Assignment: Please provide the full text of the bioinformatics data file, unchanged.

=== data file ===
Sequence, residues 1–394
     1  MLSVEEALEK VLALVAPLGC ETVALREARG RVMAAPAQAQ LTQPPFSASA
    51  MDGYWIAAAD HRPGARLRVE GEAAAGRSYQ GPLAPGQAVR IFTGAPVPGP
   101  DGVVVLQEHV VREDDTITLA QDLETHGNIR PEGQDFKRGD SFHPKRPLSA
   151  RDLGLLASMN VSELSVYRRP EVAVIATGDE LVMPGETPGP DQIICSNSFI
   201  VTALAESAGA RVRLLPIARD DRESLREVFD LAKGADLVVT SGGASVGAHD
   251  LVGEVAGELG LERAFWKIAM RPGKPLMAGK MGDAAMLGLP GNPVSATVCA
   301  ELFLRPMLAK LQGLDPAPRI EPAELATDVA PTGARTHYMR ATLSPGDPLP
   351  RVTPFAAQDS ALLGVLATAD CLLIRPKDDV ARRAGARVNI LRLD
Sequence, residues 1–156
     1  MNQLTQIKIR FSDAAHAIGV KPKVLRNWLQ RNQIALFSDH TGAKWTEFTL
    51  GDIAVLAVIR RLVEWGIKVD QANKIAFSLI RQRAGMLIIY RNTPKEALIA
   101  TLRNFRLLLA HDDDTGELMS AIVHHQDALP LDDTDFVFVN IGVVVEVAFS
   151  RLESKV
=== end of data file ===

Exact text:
Sequence, residues 1–394
     1  MLSVEEALEK VLALVAPLGC ETVALREARG RVMAAPAQAQ LTQPPFSASA
    51  MDGYWIAAAD HRPGARLRVE GEAAAGRSYQ GPLAPGQAVR IFTGAPVPGP
   101  DGVVVLQEHV VREDDTITLA QDLETHGNIR PEGQDFKRGD SFHPKRPLSA
   151  RDLGLLASMN VSELSVYRRP EVAVIATGDE LVMPGETPGP DQIICSNSFI
   201  VTALAESAGA RVRLLPIARD DRESLREVFD LAKGADLVVT SGGASVGAHD
   251  LVGEVAGELG LERAFWKIAM RPGKPLMAGK MGDAAMLGLP GNPVSATVCA
   301  ELFLRPMLAK LQGLDPAPRI EPAELATDVA PTGARTHYMR ATLSPGDPLP
   351  RVTPFAAQDS ALLGVLATAD CLLIRPKDDV ARRAGARVNI LRLD
Sequence, residues 1–156
     1  MNQLTQIKIR FSDAAHAIGV KPKVLRNWLQ RNQIALFSDH TGAKWTEFTL
    51  GDIAVLAVIR RLVEWGIKVD QANKIAFSLI RQRAGMLIIY RNTPKEALIA
   101  TLRNFRLLLA HDDDTGELMS AIVHHQDALP LDDTDFVFVN IGVVVEVAFS
   151  RLESKV